The Salomon QST 99 splits their All Mountain Freeride category perfectly in half. With two wider skis and two narrower skis, the QST 99 is arguably the most versatile of the bunch. It uses a rocker, camber, rocker profile, some subtle early taper in the tips and tails, Salomon’s CFX Superfiber (carbon and flax woven together), and a strip of titanal running down the center of the ski to increase vibration dampening and stability. Since its introduction the QST 99 has developed a following among skiers who like to seek out soft snow. While it’s not the widest ski in the world, its shape borrows design elements from much wider, powder oriented skis and we’ve found the result to be quite enjoyable. What did our testers think? Find out below.
David Wolfgang had an interesting perspective as he had just returned from skiing in Colorado and Utah. “Having just returned from a ski trip out west I noticed a lot of QST 99 on the slopes. Now I know why. It’s a light, quick, and versatile ski with easy turn initiation and great cruise-ability.” While there are more powerful skis in this waist width category (think skis with more metal) the QST 99 has a very smooth, relaxed feel. The flax in the CFX Superfiber actually adds some nice vibration dampening that goes along with the metal in the center of the ski. The result is a ski that really is quite forgiving and smooth consider its impressively light weight. But what if you want to do more than just cruise? The QST 99 slashes, smears, and pivots so easily you can play down the entire mountain.
Jamie Bisbee certainly seemed to enjoy this aspect of the QST 99 giving it high scores for floatation, playfulness, forgiveness, versatility, and overall impression. Both Jamie and David tested the 181 cm QST 99. He described it as “a personal soft snow favorite for short to medium turns.” Because it’s relatively light and relatively easy to ski, Jamie thought it would be “ideal for an advanced intermediate looking for a ski that exceeds their expectations.” We think that’s a good way to describe the ski. Super aggressive experts may want something heavier, but more playful, less aggressive, and more intermediate oriented skiers will love the usability and performance of the QST 99.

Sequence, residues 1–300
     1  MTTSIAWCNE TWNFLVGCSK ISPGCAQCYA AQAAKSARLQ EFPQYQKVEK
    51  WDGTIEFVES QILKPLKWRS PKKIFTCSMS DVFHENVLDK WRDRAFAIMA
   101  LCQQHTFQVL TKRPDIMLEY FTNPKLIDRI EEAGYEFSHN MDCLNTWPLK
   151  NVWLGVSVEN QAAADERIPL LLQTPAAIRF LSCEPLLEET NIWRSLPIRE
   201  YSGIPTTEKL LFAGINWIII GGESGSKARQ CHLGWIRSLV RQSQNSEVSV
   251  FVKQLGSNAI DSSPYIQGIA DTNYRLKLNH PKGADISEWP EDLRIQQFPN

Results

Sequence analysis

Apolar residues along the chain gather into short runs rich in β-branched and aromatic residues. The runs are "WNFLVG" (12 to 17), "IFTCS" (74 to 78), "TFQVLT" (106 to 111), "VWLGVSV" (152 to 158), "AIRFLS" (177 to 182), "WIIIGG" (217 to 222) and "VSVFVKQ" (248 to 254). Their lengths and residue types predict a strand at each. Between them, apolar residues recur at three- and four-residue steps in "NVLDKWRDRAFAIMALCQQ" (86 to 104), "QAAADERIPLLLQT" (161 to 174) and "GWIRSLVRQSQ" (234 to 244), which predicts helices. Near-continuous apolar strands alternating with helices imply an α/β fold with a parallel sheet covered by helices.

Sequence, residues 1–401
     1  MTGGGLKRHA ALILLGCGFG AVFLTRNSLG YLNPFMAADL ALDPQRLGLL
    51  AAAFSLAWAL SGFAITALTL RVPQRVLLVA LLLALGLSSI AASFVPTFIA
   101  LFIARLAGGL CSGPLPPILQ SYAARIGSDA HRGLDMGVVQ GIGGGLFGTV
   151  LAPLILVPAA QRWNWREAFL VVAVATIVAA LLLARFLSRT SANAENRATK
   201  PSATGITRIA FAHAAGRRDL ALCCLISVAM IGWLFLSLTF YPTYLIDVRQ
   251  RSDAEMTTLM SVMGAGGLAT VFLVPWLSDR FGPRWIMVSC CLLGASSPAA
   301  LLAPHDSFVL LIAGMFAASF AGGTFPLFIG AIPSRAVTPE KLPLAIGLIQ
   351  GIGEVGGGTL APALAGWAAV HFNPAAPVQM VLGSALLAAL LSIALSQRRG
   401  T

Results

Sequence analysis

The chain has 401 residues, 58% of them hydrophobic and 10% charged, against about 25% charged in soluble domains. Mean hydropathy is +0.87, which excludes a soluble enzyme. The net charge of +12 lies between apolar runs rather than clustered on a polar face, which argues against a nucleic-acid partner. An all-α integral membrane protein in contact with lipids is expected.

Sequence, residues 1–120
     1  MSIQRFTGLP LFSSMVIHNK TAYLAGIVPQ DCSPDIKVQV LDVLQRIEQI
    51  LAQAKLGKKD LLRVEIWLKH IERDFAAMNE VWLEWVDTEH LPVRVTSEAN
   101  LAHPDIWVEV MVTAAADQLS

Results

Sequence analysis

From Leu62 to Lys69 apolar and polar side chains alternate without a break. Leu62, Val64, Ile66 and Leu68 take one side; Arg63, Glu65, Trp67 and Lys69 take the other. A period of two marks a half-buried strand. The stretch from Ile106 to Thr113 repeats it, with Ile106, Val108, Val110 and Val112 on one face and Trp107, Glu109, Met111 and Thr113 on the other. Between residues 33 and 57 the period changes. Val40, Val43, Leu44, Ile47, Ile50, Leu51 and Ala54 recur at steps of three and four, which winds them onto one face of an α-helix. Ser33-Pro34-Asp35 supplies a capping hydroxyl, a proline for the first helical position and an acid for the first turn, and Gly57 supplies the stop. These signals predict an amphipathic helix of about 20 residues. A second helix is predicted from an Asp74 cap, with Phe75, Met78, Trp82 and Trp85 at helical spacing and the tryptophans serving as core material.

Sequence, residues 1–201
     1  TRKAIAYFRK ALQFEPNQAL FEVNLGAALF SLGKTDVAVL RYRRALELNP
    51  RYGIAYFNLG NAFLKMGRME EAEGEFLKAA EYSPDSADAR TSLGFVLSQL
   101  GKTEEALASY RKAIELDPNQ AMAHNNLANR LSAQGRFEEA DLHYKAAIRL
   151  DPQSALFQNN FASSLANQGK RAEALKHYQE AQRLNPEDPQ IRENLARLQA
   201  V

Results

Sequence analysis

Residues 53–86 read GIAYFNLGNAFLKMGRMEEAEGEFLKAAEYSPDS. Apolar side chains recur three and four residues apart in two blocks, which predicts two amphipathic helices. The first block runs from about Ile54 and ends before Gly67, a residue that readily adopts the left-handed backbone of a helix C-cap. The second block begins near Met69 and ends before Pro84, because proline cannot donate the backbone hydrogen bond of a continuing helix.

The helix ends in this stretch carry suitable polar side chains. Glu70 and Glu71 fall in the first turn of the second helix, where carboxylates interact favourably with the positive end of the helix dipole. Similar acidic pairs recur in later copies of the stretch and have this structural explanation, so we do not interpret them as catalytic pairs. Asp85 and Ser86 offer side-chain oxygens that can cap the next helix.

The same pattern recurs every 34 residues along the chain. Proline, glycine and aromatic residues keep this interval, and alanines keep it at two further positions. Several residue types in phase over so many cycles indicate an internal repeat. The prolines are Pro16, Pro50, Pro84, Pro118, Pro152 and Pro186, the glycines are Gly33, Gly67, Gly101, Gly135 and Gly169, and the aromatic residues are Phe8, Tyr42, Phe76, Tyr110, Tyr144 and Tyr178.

Joe Cutts took out the 188 cm and thought the QST 99 felt most at home in soft snow. Joe is a relatively big skier who would benefit from a ski with more metal and increased stability. He did mention that he didn’t think the QST 99 was for him because it was so light, but he thought it “would be at its best in deep soft powder, where a light-touch can achieve higher speed without feeling overmatched.” If you’ve skied a ~100 mm waist all mountain ski with two sheets of metal (there are quite a few of them) and enjoyed its performance, like Joe the QST 99 might not be for you. Anyone who finds skis like that a little bit on the heavy, tiring side, however, will be psyched with the QST 99.
Our 150 lbs. Chairlift Chat editor skied a 181 cm QST 99 last season and found that it worked great for someone his size. After putting it on the feet of a wide range of skiers it’s become clear that the QST 99 is suitable for lightweight and/or less aggressive and playful skiers. You can be a big guy and like it, but it responds better to less aggressive skiing. You can be lightweight and charge on it, but big guys looks to ski fast and aggressively will want more metal. Ultimately it’s incredible maneuverable, super playful, and is one of the more powder-oriented skis in the crowded ~100 mm category.